19 Test Results - Call Continuity High-Definition Client - Windows/Mac On Net - These tests examined the impact on call continuity when the Ethernet LAN connection was disconnected and then reconnected during the call. Three variations were tested as outlined below. Approximately five seconds elapsed between the time the cable was disconnected and reconnected. Tests were run using pairs and Windows clients and then using pairs of Mac OS X clients. Results were identical and, thus, are reported only once. Only 8x8 and Google Hangouts recovered the calls in all three scenarios. Scenario 1: Unplug/replug Ethernet cable during call All solutions were able to recover the call. See Table 1 for all call continuity results. Scenario 2: Unplug/replug Ethernet cable during call changing IP subnets 8x8 and Google recovered the calls, RingCentral and Skype did not. Skype simply dropped the call. RingCentral showed the call status as normal but there was no audio on the connection. Tolly engineers deemed this a dropped call. Scenario 3: Unplug Ethernet cable during call and switch to WiFi 8x8 and Google recovered the calls, RingCentral and Skype did not. For 8x8 and Google there was a very minor disruption as the call failed-over to WiFi. The 8x8 solution switched to WiFi faster than Google. As with Scenario 2, Skype simply dropped the call. RingCentral showed the call status as normal but there was no audio on the connection. Tolly engineers deemed this a dropped call TOLLY ENTERPRISES, LLC PAGE 19 OF 27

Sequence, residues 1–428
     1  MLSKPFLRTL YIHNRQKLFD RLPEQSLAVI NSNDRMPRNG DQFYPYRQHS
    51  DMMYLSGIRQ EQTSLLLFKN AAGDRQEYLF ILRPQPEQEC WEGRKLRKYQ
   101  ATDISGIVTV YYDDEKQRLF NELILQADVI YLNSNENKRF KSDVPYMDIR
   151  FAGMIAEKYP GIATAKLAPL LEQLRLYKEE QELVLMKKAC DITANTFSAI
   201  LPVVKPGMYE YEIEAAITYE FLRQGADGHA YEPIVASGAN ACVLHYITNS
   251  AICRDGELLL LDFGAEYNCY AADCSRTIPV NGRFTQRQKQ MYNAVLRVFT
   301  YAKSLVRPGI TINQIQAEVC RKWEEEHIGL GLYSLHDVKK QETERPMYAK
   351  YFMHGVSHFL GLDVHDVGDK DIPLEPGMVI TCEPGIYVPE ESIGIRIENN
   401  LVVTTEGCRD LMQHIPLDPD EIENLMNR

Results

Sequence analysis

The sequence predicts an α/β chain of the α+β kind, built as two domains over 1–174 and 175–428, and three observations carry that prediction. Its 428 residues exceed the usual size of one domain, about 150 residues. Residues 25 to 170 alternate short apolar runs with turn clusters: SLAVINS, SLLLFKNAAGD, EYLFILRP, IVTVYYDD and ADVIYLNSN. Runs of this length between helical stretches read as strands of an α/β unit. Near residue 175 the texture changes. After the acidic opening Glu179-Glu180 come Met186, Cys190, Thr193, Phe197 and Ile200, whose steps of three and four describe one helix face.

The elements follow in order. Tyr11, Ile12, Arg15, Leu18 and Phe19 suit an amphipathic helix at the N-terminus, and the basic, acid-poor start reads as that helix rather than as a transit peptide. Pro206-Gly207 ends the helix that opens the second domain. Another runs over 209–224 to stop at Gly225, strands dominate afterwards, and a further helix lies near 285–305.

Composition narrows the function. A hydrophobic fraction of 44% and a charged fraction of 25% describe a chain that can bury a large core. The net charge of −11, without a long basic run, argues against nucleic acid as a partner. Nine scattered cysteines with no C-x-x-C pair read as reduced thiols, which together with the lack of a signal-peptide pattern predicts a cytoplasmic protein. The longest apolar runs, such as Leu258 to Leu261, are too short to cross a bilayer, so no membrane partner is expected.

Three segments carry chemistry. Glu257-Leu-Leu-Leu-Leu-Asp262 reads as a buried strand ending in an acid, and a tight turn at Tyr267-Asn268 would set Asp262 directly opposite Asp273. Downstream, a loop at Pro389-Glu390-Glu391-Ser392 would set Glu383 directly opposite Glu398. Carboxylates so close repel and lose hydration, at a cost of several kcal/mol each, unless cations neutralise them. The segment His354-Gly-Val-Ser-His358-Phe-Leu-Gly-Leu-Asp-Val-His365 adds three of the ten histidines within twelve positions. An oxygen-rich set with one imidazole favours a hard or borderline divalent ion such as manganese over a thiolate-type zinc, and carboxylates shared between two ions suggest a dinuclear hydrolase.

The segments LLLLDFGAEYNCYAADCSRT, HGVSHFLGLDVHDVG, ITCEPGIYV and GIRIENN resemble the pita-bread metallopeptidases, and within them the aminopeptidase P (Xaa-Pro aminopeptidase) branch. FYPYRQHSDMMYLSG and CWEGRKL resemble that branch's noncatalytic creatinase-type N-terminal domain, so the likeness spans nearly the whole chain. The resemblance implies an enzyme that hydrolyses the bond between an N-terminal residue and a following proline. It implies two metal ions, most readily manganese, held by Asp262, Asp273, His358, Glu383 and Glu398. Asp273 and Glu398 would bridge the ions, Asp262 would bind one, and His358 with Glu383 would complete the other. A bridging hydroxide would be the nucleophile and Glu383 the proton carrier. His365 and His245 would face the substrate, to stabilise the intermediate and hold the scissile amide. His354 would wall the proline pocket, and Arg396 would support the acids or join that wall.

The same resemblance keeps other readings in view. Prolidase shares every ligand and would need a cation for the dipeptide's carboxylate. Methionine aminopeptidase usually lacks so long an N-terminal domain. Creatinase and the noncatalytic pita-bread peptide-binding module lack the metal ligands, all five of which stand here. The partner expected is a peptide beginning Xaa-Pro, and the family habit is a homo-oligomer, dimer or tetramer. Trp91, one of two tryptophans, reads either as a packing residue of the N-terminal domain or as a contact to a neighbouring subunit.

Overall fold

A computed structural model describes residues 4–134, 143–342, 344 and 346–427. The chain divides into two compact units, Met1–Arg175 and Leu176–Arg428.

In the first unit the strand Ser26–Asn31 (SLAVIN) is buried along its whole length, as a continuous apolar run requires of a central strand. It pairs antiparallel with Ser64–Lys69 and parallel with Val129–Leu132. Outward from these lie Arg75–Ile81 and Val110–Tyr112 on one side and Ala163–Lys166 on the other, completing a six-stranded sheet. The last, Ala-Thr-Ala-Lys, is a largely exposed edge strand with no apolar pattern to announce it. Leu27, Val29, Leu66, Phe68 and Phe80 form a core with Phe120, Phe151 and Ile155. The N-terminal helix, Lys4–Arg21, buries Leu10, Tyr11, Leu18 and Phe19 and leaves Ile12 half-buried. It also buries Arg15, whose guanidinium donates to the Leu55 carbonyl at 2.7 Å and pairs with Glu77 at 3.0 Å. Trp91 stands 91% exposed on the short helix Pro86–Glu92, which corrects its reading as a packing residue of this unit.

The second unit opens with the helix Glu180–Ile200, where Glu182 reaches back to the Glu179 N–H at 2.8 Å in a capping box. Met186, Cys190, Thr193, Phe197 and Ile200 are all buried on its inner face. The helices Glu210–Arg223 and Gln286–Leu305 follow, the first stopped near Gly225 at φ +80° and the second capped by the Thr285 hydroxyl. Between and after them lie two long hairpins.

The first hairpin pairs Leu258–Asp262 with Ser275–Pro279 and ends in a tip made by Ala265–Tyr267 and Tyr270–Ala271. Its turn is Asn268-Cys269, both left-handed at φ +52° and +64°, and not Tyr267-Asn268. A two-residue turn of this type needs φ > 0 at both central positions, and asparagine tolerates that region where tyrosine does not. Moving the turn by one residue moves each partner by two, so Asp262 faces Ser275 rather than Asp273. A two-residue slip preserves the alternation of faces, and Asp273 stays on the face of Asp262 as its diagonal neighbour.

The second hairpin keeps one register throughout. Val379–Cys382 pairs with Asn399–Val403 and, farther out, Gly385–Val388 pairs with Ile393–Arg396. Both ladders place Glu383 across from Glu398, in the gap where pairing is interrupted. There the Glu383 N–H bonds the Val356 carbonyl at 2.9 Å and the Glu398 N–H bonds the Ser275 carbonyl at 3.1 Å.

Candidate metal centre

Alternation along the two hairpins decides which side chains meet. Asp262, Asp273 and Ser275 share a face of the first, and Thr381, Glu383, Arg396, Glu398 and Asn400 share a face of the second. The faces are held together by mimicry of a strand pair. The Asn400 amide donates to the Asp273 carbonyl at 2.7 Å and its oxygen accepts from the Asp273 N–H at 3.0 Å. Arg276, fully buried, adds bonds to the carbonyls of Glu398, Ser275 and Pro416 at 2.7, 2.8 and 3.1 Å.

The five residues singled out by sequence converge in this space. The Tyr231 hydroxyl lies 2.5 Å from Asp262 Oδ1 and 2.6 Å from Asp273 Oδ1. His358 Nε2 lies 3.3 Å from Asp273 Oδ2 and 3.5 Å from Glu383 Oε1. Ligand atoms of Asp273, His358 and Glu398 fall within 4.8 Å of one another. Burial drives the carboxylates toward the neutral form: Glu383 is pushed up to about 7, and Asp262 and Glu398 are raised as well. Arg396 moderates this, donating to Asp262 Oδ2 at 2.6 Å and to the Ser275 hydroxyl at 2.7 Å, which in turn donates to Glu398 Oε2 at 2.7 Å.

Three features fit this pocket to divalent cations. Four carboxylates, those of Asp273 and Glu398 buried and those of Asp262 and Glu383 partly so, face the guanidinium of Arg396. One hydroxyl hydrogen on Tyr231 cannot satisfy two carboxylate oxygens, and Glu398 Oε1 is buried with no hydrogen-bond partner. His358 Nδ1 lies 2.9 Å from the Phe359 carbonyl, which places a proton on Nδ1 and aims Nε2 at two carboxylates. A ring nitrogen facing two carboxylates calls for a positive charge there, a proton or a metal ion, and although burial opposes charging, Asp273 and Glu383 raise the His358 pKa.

20 Call Continuity Test Results On-Net Microsoft Windows & Apple Mac OS X Client pairs Test Scenarios Vendor Solution 1: Unplug/replug Ethernet cable during call 2: Unplug/replug Ethernet cable during call changing IP subnets 3: Unplug Ethernet cable during call and switch to WiFi 8x8, Inc. Virtual Office Pass Pass Pass Google Hangouts Pass Pass Pass Microsoft Skype For Business Pass Fail Fail RingCentral Office Pass Fail Fail Note: Tests were run twice, once between pairs of Microsoft Windows clients and again between pairs of Apple Mac OS X clients. Results were identical and thus, are shown only once. Source: Tolly, May 2017 Table TOLLY ENTERPRISES, LLC PAGE 20 OF 27

21 Test Methodology & Setup Voice Communication Software Evaluated Vendor Solution Software Versions by Platform Apple ios Google Android Microsoft Windows Apple OS X 8x8, Inc. Virtual Office Google Hangouts/ Voice Dialer Web-based, Chrome browser Web-based, Chrome browser Microsoft Skype For Business RingCentral Office Note: Apple ios versions 10.3 and ; Google Android versions 6.0 and 7.1.1; Microsoft Windows 7, Apple OS X Source: Tolly, May 2017 Table 2 Client Environment All on net testing was run using the same pairs of clients for each vendor solution. Apple iphone: One iphone 6s with ios 10.3 and one iphone 6s Plus with ios Android Phone: One Motorola Moto G (2nd generation) with Android 6.0 and one Google Nexus 6P with Android Microsoft Windows: Two Dell Latitude E6430 laptops with Microsoft Windows 7. Apple Mac: One MacBook Pro (Retina, 15-inch, Late 2013) and one MacBook Pro (Retina, 15-inch, Mid 2015) with OSX All PSTN to VoIP tests were using one iphone on the PSTN side as the Test Client A and the solution under test as the Test Client B. See Figure 9 for the test bed diagram TOLLY ENTERPRISES, LLC PAGE 21 OF 27